Pilot Study Supports Lower Dose of Ibrutinib in Chronic Lymphocytic Leukemia

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In patients with chronic lymphocytic leukemia, a lower ibrutinib dose appears to confer sufficient biological activity, but further study is needed.
In patients with chronic lymphocytic leukemia, a lower ibrutinib dose appears to confer sufficient biological activity, but further study is needed.

A pilot study showed that in patients with chronic lymphocytic leukemia (CLL), the dose of ibrutinib can be lowered after 1 full cycle without compromising biological activity (ClinicalTrials.org Identifier: NCT02801578).1 A lower ibrutinib dose could reduce drug costs and toxicity as well, noted the study authors. The findings were published online September 25, 2018, in Blood.

The study enrolled 11 patients with CLL to receive three 28-day treatment cycles with ibrutinib. For cycle 1, patients received standard ibrutinib dosing of 420 mg once daily. Ibrutinib dosing was lowered in a step-wise fashion to 280 mg once daily for cycle 2 and 140 mg once daily for cycle 3. Nine patients completed all treatment cycles.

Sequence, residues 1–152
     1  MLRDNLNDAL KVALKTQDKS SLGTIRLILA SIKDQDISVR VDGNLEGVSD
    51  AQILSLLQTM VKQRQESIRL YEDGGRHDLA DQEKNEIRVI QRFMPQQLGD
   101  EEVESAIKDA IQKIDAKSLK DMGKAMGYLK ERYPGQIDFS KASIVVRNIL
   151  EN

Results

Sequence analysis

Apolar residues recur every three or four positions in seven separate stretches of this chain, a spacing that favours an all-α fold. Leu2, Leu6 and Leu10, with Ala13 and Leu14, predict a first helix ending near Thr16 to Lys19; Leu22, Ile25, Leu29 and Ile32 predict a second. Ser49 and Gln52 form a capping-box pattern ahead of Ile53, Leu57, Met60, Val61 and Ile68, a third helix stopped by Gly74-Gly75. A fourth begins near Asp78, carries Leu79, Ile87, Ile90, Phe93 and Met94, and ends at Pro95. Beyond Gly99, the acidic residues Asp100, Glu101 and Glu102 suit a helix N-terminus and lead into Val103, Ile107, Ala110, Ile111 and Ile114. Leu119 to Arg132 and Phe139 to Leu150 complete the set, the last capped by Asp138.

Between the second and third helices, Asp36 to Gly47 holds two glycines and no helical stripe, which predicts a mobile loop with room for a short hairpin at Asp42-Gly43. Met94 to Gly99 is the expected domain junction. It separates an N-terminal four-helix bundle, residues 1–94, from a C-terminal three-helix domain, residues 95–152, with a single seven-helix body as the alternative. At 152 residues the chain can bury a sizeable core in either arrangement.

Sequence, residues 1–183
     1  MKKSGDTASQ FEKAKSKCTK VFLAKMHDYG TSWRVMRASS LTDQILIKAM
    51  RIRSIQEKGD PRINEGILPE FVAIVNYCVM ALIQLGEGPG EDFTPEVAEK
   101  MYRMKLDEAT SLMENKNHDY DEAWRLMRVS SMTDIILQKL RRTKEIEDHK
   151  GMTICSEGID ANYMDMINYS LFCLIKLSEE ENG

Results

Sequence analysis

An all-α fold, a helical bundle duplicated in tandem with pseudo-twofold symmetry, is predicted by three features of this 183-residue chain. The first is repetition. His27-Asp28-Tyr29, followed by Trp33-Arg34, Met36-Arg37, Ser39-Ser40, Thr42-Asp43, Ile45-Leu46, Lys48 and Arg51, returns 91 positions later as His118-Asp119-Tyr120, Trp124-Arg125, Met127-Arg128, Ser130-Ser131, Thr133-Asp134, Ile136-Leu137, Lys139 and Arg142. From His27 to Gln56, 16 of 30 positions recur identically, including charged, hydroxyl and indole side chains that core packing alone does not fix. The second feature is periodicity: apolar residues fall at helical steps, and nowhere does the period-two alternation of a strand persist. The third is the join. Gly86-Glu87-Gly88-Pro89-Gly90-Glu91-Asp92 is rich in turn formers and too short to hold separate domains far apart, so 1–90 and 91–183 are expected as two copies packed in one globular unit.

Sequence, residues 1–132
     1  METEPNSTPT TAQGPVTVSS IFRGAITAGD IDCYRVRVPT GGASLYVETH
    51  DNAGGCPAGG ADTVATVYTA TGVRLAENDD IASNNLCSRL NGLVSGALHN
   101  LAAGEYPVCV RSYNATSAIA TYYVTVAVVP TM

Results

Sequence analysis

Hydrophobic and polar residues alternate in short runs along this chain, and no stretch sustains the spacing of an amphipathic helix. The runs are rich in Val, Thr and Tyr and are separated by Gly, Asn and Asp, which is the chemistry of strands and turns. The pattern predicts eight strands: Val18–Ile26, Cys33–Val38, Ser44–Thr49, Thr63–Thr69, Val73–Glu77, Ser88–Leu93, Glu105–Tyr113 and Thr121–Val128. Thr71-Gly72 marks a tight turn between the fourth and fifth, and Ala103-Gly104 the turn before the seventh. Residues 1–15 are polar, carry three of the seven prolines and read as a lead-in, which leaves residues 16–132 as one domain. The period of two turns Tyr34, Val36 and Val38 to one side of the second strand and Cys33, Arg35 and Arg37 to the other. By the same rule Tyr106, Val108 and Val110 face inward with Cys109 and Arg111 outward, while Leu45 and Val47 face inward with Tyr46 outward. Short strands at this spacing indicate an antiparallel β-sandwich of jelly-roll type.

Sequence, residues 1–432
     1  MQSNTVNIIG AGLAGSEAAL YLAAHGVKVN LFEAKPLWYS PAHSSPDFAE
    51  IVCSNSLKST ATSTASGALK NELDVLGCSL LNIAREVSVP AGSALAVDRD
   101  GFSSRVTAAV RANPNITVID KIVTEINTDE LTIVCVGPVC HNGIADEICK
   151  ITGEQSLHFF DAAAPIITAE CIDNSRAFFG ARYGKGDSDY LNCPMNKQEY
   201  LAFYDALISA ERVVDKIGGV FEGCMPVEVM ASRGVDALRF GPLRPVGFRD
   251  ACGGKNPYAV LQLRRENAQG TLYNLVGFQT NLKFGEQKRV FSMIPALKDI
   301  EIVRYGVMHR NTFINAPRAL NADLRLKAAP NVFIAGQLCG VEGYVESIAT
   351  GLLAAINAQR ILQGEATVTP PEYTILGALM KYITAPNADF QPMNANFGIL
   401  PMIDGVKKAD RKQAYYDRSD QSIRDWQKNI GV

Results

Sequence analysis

Blood was collected at 16 time points to evaluate plasma and intracellular pharmacokinetics (PK), Bruton's tyrosine kinase (BTK) occupancy, and pharmacodynamic (PD) response across the 3 treatment cycles.

The researchers found that plasma and intracellular levels of ibrutinib varied by dosing. Yet, an analysis of BTK occupancy showed that even at cycle 3, more than 95% of BTK protein was occupied on average; further, BTK downstream signaling inhibition was maintained. Reductions in phospho-BTK (Tyr223) protein levels as well as plasma chemokine CCL3 and CCL4 levels (which are biomarkers of response) were similar across all the treatment cycles.

“These PK/PD data demonstrate that following 1 cycle of ibrutinib at the standard 420 mg/d dose, the dose can be reduced without losing biological activity,” the study authors wrote.

The investigators advocated for further investigation of the findings, writing, “A larger, more comprehensive study with clinical end points including formal response assessments as well as PK/PD investigations, and lymph node biopsies in consenting patients, is planned, and is needed before ibrutinib dose reduction after 1 cycle at 420 mg/d can be considered the standard of care for patients with CLL.”

Reference

  1. Chen LS, Bose P, Cruz ND, et al. A pilot study of lower doses of ibrutinib in patients with chronic lymphocytic leukemia [published online September 25, 2018]. Blood. doi: 10.1182/blood-2018-06-860593

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